The dollar slipped against most major currencies on Monday
amid the continued debate over how soon the Fed would taper its
stimulus program following the disappointing U.S. jobs report
for August last week.
    But the dollar rose against the yen, which lost ground as
Japanese stocks rallied after Tokyo won its bid to host the 2020
Olympics and got an upgrade of second-quarter economic growth.
    Better-than-expected euro zone sentiment data lifted the
euro. The euro rose 0.61 percent against the dollar,
while the dollar gained 0.48 percent against the yen. The
dollar index was down 0.44 percent on Monday, extending Friday's
0.6 percent drop.
    Expectations the Fed would announce a tapering of its
monthly bond purchases at its Sept. 17-18 policy meeting have
buoyed the dollar lately and are still largely responsible for
the 2.8 percent gain in the dollar index this year. A reduction
in stimulus will lift U.S. Treasury yields and bolster the
appeal of dollar-denominated assets.
    While the euro was supported by the positive Sentix
sentiment data, investors kept a wary eye on Rome, where the
Italian Senate will debate whether to expel former premier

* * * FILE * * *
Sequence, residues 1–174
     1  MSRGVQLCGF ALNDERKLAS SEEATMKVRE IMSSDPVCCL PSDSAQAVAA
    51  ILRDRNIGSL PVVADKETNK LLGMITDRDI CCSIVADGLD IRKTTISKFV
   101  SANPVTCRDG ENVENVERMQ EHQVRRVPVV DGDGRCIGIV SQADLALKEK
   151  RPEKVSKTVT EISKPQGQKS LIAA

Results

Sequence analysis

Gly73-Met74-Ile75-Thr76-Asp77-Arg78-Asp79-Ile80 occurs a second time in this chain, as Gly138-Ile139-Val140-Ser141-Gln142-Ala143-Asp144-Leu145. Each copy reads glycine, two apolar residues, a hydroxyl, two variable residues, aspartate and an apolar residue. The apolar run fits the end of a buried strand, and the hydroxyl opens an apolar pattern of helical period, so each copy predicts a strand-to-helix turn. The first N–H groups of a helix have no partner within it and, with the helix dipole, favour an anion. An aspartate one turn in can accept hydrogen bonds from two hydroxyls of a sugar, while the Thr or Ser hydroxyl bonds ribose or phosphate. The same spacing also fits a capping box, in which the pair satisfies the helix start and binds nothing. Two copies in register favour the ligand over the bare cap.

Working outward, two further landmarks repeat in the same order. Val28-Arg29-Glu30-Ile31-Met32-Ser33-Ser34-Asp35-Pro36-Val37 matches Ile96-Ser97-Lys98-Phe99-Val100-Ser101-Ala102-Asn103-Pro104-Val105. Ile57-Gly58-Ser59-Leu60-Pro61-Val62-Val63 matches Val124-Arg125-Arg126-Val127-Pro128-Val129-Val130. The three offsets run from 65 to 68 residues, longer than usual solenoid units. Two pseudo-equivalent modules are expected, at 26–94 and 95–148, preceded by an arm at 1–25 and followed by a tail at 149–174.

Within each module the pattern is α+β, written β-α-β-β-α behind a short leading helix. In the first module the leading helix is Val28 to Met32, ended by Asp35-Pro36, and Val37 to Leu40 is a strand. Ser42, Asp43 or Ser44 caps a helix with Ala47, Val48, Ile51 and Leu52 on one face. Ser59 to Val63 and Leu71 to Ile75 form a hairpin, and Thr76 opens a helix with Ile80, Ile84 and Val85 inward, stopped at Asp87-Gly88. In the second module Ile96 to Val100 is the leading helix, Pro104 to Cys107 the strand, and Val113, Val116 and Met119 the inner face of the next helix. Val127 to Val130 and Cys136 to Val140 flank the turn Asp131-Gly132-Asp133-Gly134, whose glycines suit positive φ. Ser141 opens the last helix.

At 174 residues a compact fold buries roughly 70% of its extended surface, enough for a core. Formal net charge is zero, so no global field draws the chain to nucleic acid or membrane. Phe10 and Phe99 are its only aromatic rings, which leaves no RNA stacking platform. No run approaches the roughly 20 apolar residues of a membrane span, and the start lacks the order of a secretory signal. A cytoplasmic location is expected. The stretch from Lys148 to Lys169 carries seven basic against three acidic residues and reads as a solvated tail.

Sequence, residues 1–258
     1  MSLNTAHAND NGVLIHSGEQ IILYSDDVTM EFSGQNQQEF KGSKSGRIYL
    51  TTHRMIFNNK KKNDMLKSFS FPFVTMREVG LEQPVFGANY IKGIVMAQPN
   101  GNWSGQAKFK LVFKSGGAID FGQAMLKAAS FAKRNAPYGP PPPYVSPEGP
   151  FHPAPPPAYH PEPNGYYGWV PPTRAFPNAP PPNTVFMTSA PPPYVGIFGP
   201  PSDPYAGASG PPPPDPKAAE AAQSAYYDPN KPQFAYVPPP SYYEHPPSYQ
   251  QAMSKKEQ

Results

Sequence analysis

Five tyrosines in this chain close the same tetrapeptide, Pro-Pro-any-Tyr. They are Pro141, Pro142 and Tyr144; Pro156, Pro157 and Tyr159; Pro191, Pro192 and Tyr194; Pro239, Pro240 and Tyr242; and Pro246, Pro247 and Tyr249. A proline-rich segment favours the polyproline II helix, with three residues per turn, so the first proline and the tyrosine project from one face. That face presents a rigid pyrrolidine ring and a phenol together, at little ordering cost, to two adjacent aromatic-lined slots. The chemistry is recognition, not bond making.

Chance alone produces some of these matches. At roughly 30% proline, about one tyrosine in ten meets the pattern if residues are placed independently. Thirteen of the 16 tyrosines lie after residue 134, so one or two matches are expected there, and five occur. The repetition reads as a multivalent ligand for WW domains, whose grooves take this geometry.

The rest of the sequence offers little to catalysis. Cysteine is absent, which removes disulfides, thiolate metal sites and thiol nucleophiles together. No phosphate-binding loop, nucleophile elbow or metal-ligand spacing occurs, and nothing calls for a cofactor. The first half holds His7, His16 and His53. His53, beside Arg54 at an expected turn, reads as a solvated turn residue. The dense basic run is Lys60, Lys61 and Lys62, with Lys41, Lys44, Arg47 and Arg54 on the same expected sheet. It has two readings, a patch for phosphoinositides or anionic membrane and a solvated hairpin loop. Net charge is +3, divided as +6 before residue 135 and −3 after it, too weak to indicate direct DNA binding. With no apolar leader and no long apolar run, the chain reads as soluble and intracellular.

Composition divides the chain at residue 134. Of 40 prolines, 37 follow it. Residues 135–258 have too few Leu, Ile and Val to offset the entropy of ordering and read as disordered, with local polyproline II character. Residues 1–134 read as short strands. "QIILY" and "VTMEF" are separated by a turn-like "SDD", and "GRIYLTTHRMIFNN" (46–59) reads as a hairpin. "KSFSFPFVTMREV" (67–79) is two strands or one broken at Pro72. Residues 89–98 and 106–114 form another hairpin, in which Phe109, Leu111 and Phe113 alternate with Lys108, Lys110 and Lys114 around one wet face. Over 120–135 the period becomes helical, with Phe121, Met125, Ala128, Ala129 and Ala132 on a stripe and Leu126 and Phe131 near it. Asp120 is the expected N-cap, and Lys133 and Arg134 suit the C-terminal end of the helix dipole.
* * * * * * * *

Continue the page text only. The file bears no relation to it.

Silvio Berlusconi from parliament. Such an expulsion could
threaten the country's ruling coalition.
    The dollar rose against the yen. The Olympics win for Tokyo
could boost the Japanese economy and contribute to Prime
Minister Shinzo Abe's efforts to inflate the economy after
decades of sub-par growth and deflation. The Tokyo bid committee
estimated hosting the Olympics could boost the economy by 3
trillion yen ($30 billion) over the next seven years.
    The news sent the Nikkei, to a five-week high while
the yen, which has an inverse correlation with Tokyo shares,
slipped. The yen is a safe-haven currency and tends to move in
the opposite direction to riskier assets like stocks. Japanese
stocks were also helped by a sharp upward revision of
second-quarter growth data. 
    The dollar hit a high of 100.10 yen earlier on Monday. The
euro rose 1.1 percent to 132.06 yen.
    Both the dollar and the euro have gained more than 14
percent this year against the yen as the Bank of Japan embarked
on a massive monetary stimulus program in April.
    "The Olympics bid has added a bit more to the underlying
negative yen trend," said Paul Robson, currency strategist at
RBS Global Banking.
    Meanwhile, the Australian dollar hit a three-week high at
$0.9233, benefiting from the Chinese trade data. China is
Australia's biggest export market. The Aussie last stood at
$0.9232, up 0.53 percent. It barely reacted to Saturday's
national election result.
    China publishes industrial production and retail sales
numbers on Tuesday, which should add to signs the economy is on
track to hit its target of 7.5 percent growth this year.
    Oil markets looked past the Chinese data to focus on Syria.
Russia and China again urged the United States to avoid military
action ahead of a key vote by the U.S. Senate. 
    The global Brent crude benchmark fell $3 to $113.12.
U.S. oil lost $1.62 cents to $108.91. 
    The U.S. Treasury will sell $65 billion in new three-year,
10-year and 30-year bonds this week.